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AME Snoddy, SE Halcrow, HR Buckley, VG Standen and BT Arriaza
Studies of contemporary populations have demonstrated an association between decreased dietary diversity due to resource scarcity or underutilization and an increase in diseases related to poor micronutrient intake. With a reduction of dietary diversity, it is often the women and children in a population who are the first to suffer the effects of poor micronutrient status. Scurvy, a disease of prolonged vitamin C deficiency, is a micronutrient malnutrition disorder associated with resource scarcity, low dietary diversity, and/or dependence on high carbohydrate staple-foods. The aim of this paper is to assess the potential impact of nutritional transition on the prevalence of diseases of nutritional insufficiency in an archaeological sample. Here, we report palaeopathological findings from an Early Formative Period transitional site located in coastal Northern Chile (Quiani-7). The subadult cohort from this site is composed of four perinates who exhibit a number of non-specific skeletal changes suggestive of a systemic pathological condition. One of these is associated with an adult female exhibiting diagnostic skeletal lesions of scurvy. We argue that the lesions exhibited by these perinates may represent maternal transmission of vitamin C deficiency but acknowledge that there are difficulties in applying current diagnostic criteria for scurvy to individuals this young.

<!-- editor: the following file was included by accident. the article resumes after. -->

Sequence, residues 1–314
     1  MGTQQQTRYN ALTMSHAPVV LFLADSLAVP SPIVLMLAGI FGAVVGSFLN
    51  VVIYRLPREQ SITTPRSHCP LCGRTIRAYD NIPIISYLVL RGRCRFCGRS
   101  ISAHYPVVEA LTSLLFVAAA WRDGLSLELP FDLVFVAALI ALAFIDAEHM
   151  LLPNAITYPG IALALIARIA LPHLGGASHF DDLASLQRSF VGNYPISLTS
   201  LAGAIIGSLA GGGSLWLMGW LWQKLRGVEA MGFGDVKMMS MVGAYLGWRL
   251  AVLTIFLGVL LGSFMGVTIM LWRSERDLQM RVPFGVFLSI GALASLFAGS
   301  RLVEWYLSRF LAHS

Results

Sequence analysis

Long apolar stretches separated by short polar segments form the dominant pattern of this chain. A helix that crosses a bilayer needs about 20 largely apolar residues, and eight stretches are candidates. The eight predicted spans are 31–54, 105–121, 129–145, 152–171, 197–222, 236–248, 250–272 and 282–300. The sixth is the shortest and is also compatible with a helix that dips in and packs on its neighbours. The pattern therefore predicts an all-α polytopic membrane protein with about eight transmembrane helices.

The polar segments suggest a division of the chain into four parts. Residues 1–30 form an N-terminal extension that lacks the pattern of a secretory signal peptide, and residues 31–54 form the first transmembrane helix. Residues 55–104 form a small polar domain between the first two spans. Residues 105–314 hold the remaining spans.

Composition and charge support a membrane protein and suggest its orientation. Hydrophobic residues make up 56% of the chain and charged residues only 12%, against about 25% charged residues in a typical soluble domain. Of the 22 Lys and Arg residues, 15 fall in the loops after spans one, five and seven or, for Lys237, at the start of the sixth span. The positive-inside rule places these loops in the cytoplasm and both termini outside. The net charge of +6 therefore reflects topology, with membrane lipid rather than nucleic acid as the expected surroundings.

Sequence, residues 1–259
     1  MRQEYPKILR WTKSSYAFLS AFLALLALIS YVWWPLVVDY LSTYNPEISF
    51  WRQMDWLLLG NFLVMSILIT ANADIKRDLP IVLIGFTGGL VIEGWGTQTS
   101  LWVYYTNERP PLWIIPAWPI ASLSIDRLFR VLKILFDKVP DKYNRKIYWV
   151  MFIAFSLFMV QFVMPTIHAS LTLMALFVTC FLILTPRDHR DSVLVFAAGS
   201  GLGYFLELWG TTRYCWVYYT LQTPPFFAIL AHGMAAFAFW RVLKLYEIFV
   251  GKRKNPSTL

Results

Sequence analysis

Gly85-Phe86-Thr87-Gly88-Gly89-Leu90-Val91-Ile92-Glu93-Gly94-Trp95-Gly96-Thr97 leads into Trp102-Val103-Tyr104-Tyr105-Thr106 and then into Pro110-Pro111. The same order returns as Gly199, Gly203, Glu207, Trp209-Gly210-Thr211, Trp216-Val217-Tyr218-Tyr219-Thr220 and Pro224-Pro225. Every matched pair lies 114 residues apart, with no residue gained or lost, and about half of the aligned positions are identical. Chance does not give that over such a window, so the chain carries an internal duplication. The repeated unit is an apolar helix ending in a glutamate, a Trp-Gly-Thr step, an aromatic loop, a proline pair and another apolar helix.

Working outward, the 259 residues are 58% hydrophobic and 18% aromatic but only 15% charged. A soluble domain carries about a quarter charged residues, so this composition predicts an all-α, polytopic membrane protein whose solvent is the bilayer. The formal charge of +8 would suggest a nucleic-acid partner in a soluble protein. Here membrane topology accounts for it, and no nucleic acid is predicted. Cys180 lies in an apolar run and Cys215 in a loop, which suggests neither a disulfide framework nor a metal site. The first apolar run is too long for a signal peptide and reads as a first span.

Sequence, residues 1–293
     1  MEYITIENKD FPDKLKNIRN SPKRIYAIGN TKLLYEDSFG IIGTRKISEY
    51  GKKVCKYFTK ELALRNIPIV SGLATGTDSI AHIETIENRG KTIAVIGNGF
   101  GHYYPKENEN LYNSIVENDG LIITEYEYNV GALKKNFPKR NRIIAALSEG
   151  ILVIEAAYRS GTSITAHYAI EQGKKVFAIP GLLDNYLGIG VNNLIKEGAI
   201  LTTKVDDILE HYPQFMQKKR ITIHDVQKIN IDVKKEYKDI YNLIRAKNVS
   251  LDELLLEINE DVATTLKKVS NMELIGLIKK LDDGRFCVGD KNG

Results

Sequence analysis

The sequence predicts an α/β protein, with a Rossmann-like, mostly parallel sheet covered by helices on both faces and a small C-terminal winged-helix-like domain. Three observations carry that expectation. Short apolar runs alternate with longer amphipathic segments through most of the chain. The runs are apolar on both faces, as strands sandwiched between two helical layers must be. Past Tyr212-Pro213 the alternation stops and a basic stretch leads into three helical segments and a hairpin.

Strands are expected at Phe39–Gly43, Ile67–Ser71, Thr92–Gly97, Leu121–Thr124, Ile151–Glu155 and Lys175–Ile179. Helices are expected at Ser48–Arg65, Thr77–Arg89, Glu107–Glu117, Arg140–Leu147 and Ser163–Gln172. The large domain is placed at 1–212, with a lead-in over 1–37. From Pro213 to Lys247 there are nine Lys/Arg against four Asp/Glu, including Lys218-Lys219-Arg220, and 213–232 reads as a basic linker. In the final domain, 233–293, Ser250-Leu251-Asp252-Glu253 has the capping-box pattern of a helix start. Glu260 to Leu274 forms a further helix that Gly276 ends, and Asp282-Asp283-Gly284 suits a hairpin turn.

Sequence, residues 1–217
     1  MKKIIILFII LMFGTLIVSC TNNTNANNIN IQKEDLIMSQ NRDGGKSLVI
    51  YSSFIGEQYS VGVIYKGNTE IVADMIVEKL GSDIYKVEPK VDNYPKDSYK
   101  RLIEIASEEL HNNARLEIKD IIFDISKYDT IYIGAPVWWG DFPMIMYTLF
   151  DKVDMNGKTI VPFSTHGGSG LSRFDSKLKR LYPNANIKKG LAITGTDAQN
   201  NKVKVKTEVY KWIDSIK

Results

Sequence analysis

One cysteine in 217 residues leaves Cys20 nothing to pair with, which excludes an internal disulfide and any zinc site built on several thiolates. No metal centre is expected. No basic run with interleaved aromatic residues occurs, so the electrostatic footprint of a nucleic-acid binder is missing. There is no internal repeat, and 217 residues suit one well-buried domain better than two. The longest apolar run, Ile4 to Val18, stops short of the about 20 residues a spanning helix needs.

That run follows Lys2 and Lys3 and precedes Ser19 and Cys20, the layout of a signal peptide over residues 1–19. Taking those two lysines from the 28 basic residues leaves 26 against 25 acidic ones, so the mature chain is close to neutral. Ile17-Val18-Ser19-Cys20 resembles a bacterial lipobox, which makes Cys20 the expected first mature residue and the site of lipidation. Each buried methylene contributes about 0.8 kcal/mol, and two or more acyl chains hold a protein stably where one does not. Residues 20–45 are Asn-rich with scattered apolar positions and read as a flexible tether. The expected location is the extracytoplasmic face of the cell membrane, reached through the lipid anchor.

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Dietary mineral, Atacama Desert, Micronutrient, Scurvy, Vitamin, Malnutrition, Vitamin C, Nutrition
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